If you wanted to cover sound, senses, forces, bridges, light or space you might come here. You might use the centre's 'Pathways', teacher's packs that help structure your visit as well as provide ideas for before and after activities. It also offers the Stardome planetarium - an inflatable dome with a projector. This isn't unique but it is a turn-on to stars and stuff that I couldn't recommend more highly. And if this isn't enough, there are still more side-shows to round off your visit.


Snibston Discovery Park - Coalville, near Leicester

Snibston Discovery Park is an unusual mix of hands-on science, industry, history and even snatches of art. Set in unassuming it's a true discovery to find a museum, golf centre, arboretum, fishing lake and a nature trail with marsh and meadow - they easily squeeze into the 100 acre plot. It makes this £6 million project the largest, purpose-built science museum in England since WW2.

You can start in the brand-new, well four year old, exhibition hall not unlike an out-of-town superstore. First up is Science Alive, the hands-on gallery. At a glance you'll see areas to explore the body, weather, and the environment. You can step into a whirling tornado and see how it forms, take readings from a weather station or see the latest pictures from Meteosat, a weather satellite. You can see why the sky appears red or blue as beams of light scatter through tubes of liquid, and you can spin a solar system model to explain the seasons. And in 'windy city' you'll see how the wind rushes past buildings, which you can arrange as you choose.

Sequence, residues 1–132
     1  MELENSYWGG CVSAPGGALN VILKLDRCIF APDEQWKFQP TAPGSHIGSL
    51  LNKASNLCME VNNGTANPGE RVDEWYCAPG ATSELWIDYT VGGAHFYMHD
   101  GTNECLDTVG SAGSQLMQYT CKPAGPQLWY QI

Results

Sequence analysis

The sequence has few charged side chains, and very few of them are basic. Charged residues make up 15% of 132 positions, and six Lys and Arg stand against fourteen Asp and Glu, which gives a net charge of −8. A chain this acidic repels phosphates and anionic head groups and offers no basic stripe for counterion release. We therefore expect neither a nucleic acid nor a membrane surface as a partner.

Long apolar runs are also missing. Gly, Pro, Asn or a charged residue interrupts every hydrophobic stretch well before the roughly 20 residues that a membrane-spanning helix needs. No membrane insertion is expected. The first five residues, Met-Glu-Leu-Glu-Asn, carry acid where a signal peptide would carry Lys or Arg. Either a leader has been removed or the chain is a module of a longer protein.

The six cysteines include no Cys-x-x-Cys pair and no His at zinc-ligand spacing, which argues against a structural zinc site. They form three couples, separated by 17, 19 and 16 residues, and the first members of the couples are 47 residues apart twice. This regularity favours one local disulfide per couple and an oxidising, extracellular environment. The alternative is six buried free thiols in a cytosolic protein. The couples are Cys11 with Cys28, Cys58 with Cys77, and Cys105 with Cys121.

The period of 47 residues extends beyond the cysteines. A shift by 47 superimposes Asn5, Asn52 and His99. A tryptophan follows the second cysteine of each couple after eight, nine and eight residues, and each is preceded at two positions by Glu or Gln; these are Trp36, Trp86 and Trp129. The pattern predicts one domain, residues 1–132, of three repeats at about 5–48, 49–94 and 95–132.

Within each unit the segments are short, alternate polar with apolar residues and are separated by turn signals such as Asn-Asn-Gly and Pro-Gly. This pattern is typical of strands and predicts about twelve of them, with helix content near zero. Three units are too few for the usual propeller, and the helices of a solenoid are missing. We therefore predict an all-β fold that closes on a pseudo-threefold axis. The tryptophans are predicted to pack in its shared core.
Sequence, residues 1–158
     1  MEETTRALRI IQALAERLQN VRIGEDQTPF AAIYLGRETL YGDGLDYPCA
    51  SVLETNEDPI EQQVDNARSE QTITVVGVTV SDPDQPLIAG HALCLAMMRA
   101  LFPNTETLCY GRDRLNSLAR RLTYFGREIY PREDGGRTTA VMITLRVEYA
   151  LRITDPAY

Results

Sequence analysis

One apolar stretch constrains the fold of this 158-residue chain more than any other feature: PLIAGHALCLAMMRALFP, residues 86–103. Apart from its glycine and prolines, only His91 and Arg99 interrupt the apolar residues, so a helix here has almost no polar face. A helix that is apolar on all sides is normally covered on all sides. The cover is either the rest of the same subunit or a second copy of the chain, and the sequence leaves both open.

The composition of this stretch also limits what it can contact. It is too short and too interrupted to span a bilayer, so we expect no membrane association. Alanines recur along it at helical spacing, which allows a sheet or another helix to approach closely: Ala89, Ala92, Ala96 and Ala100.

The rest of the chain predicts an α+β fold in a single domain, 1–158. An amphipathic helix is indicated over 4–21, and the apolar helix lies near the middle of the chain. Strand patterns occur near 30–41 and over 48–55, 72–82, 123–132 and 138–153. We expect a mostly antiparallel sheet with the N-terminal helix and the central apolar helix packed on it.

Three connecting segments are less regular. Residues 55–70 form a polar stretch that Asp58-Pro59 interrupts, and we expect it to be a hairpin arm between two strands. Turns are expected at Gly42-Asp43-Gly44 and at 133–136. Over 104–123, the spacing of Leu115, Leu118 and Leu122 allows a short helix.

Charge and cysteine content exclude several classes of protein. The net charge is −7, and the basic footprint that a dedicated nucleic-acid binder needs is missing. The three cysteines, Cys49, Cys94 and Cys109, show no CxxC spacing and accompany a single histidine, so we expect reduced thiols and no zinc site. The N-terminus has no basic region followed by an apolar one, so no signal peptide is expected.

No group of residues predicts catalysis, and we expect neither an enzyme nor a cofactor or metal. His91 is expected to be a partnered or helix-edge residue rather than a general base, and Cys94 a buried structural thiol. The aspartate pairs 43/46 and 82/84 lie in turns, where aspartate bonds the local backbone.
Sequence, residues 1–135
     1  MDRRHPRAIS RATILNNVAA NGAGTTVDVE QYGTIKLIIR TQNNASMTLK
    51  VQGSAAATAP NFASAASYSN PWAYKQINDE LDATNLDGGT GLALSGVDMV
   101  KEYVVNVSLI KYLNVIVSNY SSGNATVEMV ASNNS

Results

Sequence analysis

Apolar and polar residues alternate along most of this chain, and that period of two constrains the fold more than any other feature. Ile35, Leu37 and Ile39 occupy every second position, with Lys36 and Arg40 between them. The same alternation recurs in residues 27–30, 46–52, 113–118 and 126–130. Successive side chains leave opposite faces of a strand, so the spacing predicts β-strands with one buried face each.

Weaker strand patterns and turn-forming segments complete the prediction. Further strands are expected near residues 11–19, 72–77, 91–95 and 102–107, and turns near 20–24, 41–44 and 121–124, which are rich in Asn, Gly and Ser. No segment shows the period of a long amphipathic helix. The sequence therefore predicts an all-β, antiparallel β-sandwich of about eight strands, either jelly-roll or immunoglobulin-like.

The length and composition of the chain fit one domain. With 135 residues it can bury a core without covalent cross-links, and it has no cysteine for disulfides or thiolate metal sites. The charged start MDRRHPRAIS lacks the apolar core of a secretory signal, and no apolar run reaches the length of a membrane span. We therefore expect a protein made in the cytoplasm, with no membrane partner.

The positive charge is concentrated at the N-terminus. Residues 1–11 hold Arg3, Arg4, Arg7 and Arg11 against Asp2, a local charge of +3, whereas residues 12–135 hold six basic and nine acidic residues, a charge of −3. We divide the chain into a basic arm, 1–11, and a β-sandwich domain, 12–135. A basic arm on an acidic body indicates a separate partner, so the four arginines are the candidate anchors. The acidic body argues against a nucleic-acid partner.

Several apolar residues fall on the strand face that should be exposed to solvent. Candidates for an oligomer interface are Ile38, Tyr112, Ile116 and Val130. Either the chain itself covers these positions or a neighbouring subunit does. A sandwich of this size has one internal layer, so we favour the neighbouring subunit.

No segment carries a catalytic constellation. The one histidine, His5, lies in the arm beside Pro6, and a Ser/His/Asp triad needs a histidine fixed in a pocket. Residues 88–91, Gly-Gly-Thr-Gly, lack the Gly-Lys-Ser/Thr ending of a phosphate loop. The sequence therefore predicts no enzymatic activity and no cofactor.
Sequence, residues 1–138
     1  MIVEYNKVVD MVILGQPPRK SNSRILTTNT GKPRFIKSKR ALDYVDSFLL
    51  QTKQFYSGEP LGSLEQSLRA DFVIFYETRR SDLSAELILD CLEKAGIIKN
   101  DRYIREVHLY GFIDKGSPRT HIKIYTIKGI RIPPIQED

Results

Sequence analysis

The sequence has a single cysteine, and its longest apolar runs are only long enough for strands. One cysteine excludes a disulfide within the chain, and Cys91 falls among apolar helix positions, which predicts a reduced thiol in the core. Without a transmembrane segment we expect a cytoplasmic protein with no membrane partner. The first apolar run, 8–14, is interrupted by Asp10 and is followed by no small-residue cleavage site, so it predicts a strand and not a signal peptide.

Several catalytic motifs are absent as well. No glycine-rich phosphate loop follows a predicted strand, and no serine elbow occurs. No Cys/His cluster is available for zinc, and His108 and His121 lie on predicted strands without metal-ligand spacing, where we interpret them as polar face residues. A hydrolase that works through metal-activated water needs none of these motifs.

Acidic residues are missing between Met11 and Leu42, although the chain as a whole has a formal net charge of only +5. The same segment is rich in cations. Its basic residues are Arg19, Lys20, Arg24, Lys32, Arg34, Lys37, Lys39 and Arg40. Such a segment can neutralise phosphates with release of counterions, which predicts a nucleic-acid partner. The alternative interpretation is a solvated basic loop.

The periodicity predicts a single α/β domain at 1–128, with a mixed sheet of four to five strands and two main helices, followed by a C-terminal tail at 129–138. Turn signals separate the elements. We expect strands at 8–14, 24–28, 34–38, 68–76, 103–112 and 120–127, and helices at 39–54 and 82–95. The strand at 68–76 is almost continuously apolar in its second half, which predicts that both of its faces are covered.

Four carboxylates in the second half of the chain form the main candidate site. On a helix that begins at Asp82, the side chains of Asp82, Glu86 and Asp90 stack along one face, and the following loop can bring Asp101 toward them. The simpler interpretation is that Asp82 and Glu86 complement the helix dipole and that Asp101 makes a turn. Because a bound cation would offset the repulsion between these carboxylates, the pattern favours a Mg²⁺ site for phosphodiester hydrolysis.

There's a good spread of secondary school ideas here, but younger pupils could try their hand at generating power using waves, a waterfall and windmills. Or they could assemble the organs of the body, handle a skull or two and ride a bike beside a skeleton, which copies their movements. Then there's a simple and elegant computer survey to do and instantly see that 5% of visitors had no or grey hair. Adults, including the 5%, might want to slip into a soft chair and have a go at, and fail at puzzles like the Soma cube, in comfort.